• In-feed ads for publishing websites and social media platforms
  • Paid search ads that appear at the top of a list of search results 
  • Recommendation widgets
  • Promoted listings on shopping websites
  • In-ad with native element units
  • Custom ads

Sponsored Content Benefits

Since sponsored content is produced by known media outlets or social media influencers, it inspires trust in the audience. It’s more likely to engage a company’s core market and make the brand look more credible.

This marketing strategy produces higher brand lift and generates more leads than traditional types of advertising. 

Read on for a list of additional benefits to incorporating sponsored content into your marketing strategy:

  • Sponsored content adds to the user experience instead of disrupting it by placing quality informative or entertaining content alongside other things that the viewer enjoys.
  • Sponsored content isn’t restricted to a single format or type of media but lends itself to varying platforms from print to social media and written or visual content.
  • Sponsored content is a great way to forge partnerships to expand your target market to include your host platform’s core audience.
  • Sponsored content provides the reach and engagement of branded content without requiring the time and resources to produce it. 

Sponsored Content Platforms

Sponsored content can be an effective marketing tool for virtually any platform but is most often used as part of a digital strategy. 

Consumers take in most of their news and entertainment online, so it only follows that brands and companies want to advertise where their potential customers already are. The primary platforms for sponsored content include:

  • Online news or lifestyle outlets – A tourism board might purchase sponsored content in a digital travel magazine, or a car insurance company may support an in-depth reported story about road safety in a digital newspaper. This content can take the form of an article or listicle, a video or photo gallery, or even an infographic.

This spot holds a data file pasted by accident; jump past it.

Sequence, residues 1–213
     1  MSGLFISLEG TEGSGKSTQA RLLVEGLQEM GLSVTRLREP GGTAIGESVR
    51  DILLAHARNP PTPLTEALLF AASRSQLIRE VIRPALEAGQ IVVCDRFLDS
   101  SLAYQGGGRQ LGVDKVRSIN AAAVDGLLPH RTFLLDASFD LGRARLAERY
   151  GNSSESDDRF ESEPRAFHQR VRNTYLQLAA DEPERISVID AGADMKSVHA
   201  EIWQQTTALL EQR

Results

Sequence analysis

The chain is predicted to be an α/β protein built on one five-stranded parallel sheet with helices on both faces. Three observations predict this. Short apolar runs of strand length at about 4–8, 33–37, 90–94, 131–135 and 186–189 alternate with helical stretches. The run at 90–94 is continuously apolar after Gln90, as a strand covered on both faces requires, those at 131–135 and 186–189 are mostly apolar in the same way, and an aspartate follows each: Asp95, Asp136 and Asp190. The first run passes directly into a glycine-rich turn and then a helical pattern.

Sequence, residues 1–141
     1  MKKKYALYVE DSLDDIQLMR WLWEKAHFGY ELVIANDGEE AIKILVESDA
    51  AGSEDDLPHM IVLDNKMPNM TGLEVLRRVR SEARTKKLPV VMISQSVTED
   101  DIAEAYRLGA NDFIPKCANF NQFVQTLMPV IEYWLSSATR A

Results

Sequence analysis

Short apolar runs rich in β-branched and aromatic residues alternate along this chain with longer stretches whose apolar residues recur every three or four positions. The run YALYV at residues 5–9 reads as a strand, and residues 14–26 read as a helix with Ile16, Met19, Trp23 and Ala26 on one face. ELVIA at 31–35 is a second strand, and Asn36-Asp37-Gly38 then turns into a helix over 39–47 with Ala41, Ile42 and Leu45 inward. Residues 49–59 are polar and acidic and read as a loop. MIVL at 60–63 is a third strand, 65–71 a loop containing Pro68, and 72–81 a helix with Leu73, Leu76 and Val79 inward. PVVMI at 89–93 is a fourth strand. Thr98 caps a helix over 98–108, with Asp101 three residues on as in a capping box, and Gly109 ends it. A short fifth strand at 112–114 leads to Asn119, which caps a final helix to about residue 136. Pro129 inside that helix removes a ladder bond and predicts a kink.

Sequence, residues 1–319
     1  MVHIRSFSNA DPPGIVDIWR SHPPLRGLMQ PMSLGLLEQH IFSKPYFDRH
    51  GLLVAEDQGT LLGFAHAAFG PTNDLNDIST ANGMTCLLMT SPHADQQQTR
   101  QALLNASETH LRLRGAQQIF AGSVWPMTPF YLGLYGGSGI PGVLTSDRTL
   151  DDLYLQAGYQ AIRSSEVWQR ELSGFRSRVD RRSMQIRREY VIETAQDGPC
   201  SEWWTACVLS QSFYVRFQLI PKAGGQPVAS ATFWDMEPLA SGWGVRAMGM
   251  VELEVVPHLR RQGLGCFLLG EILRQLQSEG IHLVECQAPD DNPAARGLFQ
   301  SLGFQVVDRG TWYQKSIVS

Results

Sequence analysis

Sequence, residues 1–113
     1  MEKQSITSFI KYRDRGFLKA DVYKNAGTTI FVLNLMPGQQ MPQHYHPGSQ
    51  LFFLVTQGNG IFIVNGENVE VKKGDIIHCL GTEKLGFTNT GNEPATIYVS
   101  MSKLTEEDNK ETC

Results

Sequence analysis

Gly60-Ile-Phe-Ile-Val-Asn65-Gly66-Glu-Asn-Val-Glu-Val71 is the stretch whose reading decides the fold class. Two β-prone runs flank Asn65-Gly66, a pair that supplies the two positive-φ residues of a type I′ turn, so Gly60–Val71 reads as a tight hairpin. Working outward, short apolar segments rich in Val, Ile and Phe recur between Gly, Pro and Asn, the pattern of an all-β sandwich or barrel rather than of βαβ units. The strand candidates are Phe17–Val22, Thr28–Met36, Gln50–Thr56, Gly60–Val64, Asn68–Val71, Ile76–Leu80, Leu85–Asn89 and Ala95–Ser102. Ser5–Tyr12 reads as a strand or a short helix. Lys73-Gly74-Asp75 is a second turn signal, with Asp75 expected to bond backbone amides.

• Video or podcast episodes – Companies can sponsor a single video or podcast episode or an entire series covering a topic that intersects with their product or brand to engage a targeted audience.
  • Social media photos, videos, or stories – Partnerships between companies and social media influencers have become one of the most popular forms of sponsored content, successfully leveraging online celebrities’ credibility to increase their audience. 

Tips for Creating Sponsored Content

Does sponsored content work? Though it can be one of the most impactful tools in your marketing plan, sponsored content must be carefully curated to be compelling and reach your target audience in the most effective way possible. Here are a few helpful tips for creating successful sponsored content:

  1. Be creative. Sponsored content goes beyond articles and blog posts to include other popular platforms like YouTube and podcasts.

    Consider your audience when choosing a platform, emphasizing Facebook or Twitter for an older demographic and TikTok or Instagram for a younger audience.

  2. Focus on quality. Create engaging content that informs or entertains to attract an audience and inspire trust.

    If your content is enjoyable, your audience is more likely to consume it and potentially become customers. People will tune out if the content feels like it exists primarily to plug your product or service.

  3. Choose the right partner. The publishing outlet, company, or influencer who will create and host your sponsored content should align with your brand, product or service, and voice. An effective partner should share a similar audience, mission, and level of market trust.

    Not only will this potentially expand your market, but it will enhance your brand recognition and credibility in a nonintrusive, organic way.

  4. Choose the right topic. Work with your partner closely to release content that is cohesive with your message, goals, and audience. Leverage their expertise or specialization to create creative content that steers away from the hard sell. 

Sponsored content allows you to reinforce your brand credibility and reach new target markets without taxing your team’s limited time and resources to produce written or multi-media branded content. 

Work with LeadJig

If you’re interested in using sponsored content as part of your financial marketing strategy and would like to learn more, contact our experts at LeadJig for innovative ideas and techniques.